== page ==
Taxing Our Patience

Paul Ryan’s budget plan shows why we need to raise taxes, not cut them. 

Paul Ryan

Rep. Paul Ryan’s grand plan to dig America out of its fiscal hole is an extreme exercise in small government by brute force. It slashes Medicaid, the health care plan for the poor and disabled, by giving states block grants that grow slowly to force them to cut care or kick people out. It makes drastic Medicare cuts for those under 55, turning the program into a voucher system in which seniors will have to pay more. It takes funding from Pell Grants, food stamps, and a host of other domestic programs. It also repeals the Dodd-Frank financial regulatory reform law, almost as an afterthought. By 2030 or so, it wrenches the country back into the black—but only by relying on huge cuts and eyebrow-raising revenue and employment projections.

Of course, balancing the budget is never easy. But, by mandating harsh program cuts without providing realistic new sources of tax revenue, the Ryan plan makes it unnecessarily hard. What the Ryan plan really shows—inadvertently, I am sure—is that balancing the budget will require raising taxes.

The tax details of Ryan’s plan are murky. But in “The Path to Prosperity,” he proposes reducing the number of individual tax brackets from six to some as-of-yet-unidentified number. He also cuts the top rate for individuals and corporations from 35 percent to 25 percent—the lowest top rate since 1931, before Social Security, Medicare, or Medicaid even existed. The plan additionally repeals tax increases included in Obama’s health care law, like the 3.8 percent surtax on investment income.

Ryan pays for those tax cuts by eliminating loopholes and tax expenditures. The plan does not provide many details but implies just about all of them should go. For the corporate code, for instance, he proposes “scaling back or eliminating entirely the deductions and credits that have skewed corporate behavior and benefitted the largest corporations disproportionately.”

The plan suggests that the improved tax system will help bring about more jobs, higher wages, general prosperity, and ponies for everyone. Unemployment will eventually fall into the 2 percent range. (Unsurprisingly, economists dispute these projections as Pollyannaish, if not ridiculous. Update, April 6, 10:20 p.m.: The projections were later revised upward.) Given the wage and unemployment projections the report relies upon, its revenue projections seem unlikely, too: Without so many people making so much fantastic money, tax revenue will be lower than projected, meaning an even more yawning short-term deficit than Ryan’s proposal allows.

One way or another, tax cuts mean that Ryan needs to make bigger cuts to discretionary and mandatory spending programs, already slashed by trillions. The plan has the United States not only digging itself out of the enormous hole left by the wars in Iraq and Afghanistan, the recession, and the Bush tax cuts—but it has it doing so with no new sources of revenue to be had, and even less revenue than prescribed by current law.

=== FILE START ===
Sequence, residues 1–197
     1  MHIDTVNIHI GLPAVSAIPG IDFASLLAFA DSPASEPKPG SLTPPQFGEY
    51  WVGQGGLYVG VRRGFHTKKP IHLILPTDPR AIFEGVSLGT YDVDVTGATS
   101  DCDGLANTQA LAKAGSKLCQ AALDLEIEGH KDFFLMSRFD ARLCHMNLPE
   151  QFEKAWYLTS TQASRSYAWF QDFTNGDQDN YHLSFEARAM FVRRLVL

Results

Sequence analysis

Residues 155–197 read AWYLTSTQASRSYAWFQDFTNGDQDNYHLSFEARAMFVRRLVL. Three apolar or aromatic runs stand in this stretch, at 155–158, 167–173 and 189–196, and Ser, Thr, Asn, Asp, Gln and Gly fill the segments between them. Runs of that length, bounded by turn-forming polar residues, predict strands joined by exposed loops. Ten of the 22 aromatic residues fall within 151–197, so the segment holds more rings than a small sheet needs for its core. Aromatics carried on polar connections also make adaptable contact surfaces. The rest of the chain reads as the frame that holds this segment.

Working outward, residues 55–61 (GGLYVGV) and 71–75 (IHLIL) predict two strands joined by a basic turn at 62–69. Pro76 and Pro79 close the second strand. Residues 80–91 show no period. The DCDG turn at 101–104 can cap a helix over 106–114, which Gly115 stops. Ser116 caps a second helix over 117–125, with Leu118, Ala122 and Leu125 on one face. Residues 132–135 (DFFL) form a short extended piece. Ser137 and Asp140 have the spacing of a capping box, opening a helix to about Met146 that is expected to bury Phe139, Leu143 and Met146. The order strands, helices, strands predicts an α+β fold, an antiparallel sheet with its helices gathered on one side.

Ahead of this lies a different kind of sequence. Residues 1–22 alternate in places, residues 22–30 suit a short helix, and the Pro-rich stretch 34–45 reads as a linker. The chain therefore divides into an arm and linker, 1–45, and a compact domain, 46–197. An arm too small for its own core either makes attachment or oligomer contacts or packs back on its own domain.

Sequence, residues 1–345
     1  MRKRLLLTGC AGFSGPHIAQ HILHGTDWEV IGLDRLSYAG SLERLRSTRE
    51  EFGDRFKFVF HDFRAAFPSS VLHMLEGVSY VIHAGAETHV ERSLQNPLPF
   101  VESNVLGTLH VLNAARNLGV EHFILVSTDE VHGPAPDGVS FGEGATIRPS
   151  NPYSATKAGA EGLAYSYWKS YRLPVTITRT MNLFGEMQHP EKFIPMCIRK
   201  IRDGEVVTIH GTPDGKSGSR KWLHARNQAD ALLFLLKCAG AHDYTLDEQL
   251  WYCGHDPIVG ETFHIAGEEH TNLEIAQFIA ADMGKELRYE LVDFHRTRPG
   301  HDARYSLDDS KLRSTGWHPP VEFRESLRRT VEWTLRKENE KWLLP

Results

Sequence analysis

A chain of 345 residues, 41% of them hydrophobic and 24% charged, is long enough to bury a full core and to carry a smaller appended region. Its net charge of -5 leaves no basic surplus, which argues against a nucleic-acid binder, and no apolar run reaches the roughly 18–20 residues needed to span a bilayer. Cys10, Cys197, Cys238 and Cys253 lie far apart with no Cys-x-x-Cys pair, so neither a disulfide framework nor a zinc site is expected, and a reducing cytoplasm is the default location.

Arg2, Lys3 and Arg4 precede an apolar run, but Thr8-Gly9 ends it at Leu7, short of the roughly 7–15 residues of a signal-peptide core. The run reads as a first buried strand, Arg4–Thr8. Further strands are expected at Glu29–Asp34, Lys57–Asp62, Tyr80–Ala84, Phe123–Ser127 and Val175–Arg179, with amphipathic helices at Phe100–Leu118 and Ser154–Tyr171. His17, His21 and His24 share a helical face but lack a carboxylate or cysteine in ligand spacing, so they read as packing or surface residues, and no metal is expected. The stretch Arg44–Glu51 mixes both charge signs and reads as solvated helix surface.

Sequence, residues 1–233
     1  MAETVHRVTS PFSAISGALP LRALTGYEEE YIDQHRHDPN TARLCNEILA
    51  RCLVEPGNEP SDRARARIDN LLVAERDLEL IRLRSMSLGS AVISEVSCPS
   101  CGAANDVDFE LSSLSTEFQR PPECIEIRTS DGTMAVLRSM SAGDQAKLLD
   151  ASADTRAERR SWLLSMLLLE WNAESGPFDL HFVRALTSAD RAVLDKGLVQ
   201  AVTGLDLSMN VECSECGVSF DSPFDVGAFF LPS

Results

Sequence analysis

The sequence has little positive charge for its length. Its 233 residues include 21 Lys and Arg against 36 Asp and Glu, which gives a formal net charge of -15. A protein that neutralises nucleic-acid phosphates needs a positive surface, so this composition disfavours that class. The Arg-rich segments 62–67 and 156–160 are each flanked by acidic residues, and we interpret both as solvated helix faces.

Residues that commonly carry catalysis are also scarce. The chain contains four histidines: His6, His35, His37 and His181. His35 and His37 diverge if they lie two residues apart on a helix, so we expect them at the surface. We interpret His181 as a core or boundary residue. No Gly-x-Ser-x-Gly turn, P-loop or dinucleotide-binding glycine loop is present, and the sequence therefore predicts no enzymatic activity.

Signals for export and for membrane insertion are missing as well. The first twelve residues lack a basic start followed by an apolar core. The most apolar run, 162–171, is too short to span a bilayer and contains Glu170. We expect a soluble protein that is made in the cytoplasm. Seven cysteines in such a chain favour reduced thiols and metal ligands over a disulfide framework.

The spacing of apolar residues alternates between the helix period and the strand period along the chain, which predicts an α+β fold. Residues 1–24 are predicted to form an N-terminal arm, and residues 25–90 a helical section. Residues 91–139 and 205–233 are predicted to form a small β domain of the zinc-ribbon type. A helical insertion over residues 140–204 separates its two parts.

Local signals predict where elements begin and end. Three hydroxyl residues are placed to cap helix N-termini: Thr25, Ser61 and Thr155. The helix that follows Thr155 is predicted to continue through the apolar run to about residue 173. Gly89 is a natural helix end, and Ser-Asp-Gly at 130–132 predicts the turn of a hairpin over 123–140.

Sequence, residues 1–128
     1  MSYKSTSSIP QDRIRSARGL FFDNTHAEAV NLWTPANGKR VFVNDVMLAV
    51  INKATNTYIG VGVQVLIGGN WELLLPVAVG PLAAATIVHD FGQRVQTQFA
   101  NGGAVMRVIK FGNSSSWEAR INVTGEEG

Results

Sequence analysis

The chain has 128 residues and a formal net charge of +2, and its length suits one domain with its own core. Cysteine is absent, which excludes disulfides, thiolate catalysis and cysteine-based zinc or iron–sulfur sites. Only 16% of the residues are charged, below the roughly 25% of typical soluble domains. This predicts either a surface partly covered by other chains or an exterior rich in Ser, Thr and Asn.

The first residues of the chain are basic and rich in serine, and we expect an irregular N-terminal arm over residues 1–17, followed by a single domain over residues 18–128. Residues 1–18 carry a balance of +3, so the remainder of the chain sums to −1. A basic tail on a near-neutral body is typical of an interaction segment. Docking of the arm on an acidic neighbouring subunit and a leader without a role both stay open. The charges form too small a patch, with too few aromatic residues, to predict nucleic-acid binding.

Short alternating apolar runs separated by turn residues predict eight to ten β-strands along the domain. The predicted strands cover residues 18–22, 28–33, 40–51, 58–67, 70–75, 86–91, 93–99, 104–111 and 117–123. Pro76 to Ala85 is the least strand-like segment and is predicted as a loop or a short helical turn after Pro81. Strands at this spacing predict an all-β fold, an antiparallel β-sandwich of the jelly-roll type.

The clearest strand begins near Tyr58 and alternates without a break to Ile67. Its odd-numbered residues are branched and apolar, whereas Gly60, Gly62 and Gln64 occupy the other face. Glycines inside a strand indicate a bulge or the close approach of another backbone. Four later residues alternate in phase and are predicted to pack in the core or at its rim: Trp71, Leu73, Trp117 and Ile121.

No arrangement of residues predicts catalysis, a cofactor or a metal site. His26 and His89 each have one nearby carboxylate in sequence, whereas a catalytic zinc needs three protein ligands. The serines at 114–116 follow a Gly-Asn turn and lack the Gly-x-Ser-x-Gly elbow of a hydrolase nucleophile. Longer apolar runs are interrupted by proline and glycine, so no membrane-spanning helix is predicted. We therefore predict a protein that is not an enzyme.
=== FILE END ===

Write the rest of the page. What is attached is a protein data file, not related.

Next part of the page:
There is the moral question of who should be paying to set America on a safe fiscal path. In Ryan’s case, the answer is: the poor, disabled, and elderly, from the “hammock” of their safety net, in his terminology. His plan makes a regressive burden-shift, cutting taxes for the wealthiest Americans and slashing spending for the poorest. The Center for Budget and Policy Priorities estimates that two-thirds of the cuts over the next decade come from programs for poor Americans. “Actual program cuts produce net savings of $4.322 trillion” in the next decade, the think tank notes. “Cuts in low-income programs appear likely to account for at least $2.9 trillion—or about two-thirds—of this amount.”

Ryan argues that raising the top tax bracket or adding new ones—taxing the 1,000,001st dollar a person earns at 50 percent, say—would prove counterproductive. “Creating new brackets and raising top rates is an idea that is often touted as a way to raise revenue,” the proposal states. “Most economists, however, disagree. Economic theory suggests, and most empirical studies prove, that marginal tax-rate hikes … reduce economic output, while marginal rate reductions increase output.”

Economists do agree that increasing marginal tax rates dampens the incentive to work. But they also agree that they raise revenue. The Laffer Curve bends, but not that far. And surely the rich don’t need that 25 percent top rate in the way poor folks need programs like TANF and seniors need Medicare—about 90 percent of all American income gains since the 1970s have gone to the top 10 percent of earners.

Leaving aside morality, just think about math. Ryan calls the budget deficit an “existential threat” to the United States. He has scary charts. He talks a lot about a debt crisis, with the United States’ investors losing confidence in the country and refusing to lend to it. But he does not actually balance the budget or tackle the debt until after 2030, at which point America has racked up about $14 trillion in new red ink. The problem gets worse before it gets better, in part because America’s richest get a tax break beyond what the expiring Bush tax cuts give them.

The fiscally responsible choice is to raise taxes while also reforming entitlements, as any of the half-dozen more feasible and less cruel plans floating around do. (Just letting the Bush tax cuts expire—which would require no congressional action at all—would be a good start.) They might not be as bold. But they don’t require magical thinking to make it all add up.